The Corona Room Revamp

Back+at+home%2C+students+have+begun+to+redecorate+their+rooms.+%28Courtesy+of+Grace+Robinson+for+The+Fordham+Ram%29

Back at home, students have begun to redecorate their rooms. (Courtesy of Grace Robinson for The Fordham Ram)

Grace Robinson, Contributing Writer

We move away to college to finally obtain freedom. One aspect I was most excited about was having the creative liberty of styling my dorm room. 

I left my childhood bedroom in the past. A room that has seen the most vibrant of paint colors and lived through every pattern of Pottery Barn comforters, filled with memories of Friday afternoons with my best friends, endless nights spent studying for finals and hours of dancing around practicing for recitals. Packing for college, I brought with me souvenirs from the room, while leaving behind an abundance of childhood remnants. 

In an unexpected turn of events, I have been reunited with my room. While the reunion has been bittersweet, the room is growing back its character. Through small measures, I have managed to make my childhood room suitable as both a comfortable bedroom and my new classroom.

Although we are living through such an unsure time, having a bedroom that we feel comfortable and happy living in can benefit our mental health. We all need a safe haven where we can be alone, especially when we need time away from our new roommates: Mom and Dad. It was unrealistic that I was going to completely redo the room, both in terms of budget and resources during quarantine. However, the process of adjusting and updating a room can be simple. Through basic changes, I was able to create a space I felt more comfortable in. 

While I figured there was no time like quarantine to rummage through old belongings, my inner child found excitement through nearly every oddity in my room. I turned to Marie Kondo, an expert organizer, for advice. Kondo’s “KonMari” method explains the best ways to tackle parting with belongings, despite their deep sentimental value. Parting with pieces of our old room can feel equivalent to abandoning the physical components of our childhood. Kondo advises that we keep the items that brought the most happiness, and simply photograph and donate the items we will no longer have use for. My heart sank a bit while donating books that I remember my dad reading to me before bed or my stuffed animals, each of which I could still name. But with this vital stage completed, I was left with a blank canvas to work with.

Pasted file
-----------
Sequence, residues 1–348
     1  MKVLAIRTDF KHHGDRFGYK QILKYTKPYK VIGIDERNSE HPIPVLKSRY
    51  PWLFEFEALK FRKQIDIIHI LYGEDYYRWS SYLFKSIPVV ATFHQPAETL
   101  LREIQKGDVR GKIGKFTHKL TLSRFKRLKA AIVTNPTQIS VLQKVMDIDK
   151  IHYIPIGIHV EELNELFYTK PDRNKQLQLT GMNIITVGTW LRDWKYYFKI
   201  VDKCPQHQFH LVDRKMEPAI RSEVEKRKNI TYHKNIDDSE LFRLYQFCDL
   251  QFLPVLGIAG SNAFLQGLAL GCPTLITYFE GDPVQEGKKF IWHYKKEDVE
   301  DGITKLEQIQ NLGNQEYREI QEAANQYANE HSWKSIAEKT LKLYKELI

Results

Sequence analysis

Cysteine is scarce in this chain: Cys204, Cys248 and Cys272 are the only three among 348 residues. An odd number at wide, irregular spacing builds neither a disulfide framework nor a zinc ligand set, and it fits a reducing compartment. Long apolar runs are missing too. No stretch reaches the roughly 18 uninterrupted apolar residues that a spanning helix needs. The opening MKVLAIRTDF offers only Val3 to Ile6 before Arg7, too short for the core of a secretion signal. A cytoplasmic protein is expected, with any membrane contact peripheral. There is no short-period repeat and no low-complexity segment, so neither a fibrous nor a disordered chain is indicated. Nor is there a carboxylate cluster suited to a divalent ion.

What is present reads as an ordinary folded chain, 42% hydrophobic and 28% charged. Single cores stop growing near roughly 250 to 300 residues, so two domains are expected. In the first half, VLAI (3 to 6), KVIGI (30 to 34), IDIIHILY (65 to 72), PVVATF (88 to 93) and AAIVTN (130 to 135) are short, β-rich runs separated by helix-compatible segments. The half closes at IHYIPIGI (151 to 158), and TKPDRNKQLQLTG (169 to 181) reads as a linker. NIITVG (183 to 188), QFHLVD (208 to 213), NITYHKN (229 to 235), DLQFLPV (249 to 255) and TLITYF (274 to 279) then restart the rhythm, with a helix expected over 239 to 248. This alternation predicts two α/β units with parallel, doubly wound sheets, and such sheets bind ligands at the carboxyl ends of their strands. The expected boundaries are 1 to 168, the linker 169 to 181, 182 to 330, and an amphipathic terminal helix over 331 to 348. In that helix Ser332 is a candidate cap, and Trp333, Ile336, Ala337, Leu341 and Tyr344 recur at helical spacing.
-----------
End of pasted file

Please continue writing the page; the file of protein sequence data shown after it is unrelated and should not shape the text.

I am lucky to have a wall color that was manageable to work around, but if you have hot pink or turquoise walls, a fresh coat of paint might be necessary. Then, I began rearranging furniture. Growing up, I used to shift around my furniture every week. Giving your furniture a new place can quickly change the dynamics of the room. I ended up moving my bed into a small window nook that receives the most sunlight. In the other nook, I added a bean bag and lamp as a designated reading nook for the new books I hope to tackle. 

While the best option would be to separate your workspace and your sleep space, this might not be an option for many of us sharing tight spaces with our families. I placed my desk to face away from my bed to create somewhat of a division between the two. This corner of my room reminds me of what I left behind in college. In an attempt to divert my declining motivation for an online class, I have focused a lot of my effort on creating a study space that feels inviting.  I designated places for my books, papers, printer and, of course, a good chair.

When it comes to crafting a comfortable room, I found myself focusing on two elements: light and color. Lighting is what makes the most difference. Natural sunlight is always a benefit. Placing my bed in the line of sunlight sends me a bit of positivity to start yet another day in this confusing time. I set up two lamps on opposing sides of the room to keep an even cast of light throughout the space when the natural light fades. Finally, what room is complete without a set of Christmas lights? I carefully strung my string lights around my bed nook to create an enchanting space for my late-night writing. 

The second important aspect is color. It is important to have a color palette for your space that feels inviting and reflects your own taste. My walls are a lighter shade of green, and I decided to use mostly white and purple shades as accents. An easy option is to turn to a color wheel to find colors that complement each other well. Accent colors can be implemented through pillows, wall art and blankets. 

I printed my favorite college photos to supplement the high school polaroids that were already stationed by my window. With the help of a few more prints and posters, I joined the pieces of my college self with the high school room I knew so well. Although we cannot shop outside of our houses, I found nearly all of my art pieces at Goodwill for under five dollars to create my gallery wall. An easy alternative would be to find patterns, places and people you find inspirational online to print and frame. 

The end product reflects the child I once was as well as the adult I have become. My changing style has made itself known in the same room I spent growing up and developing my sense of self. Every high school morning spent getting ready at my vanity ended in nights focused at my desk. I now find myself reliving this old routine, only this time in a room that feels refreshed since leaving. Having a room that feels cozy yet productive can make sheltering-in-place just a bit easier.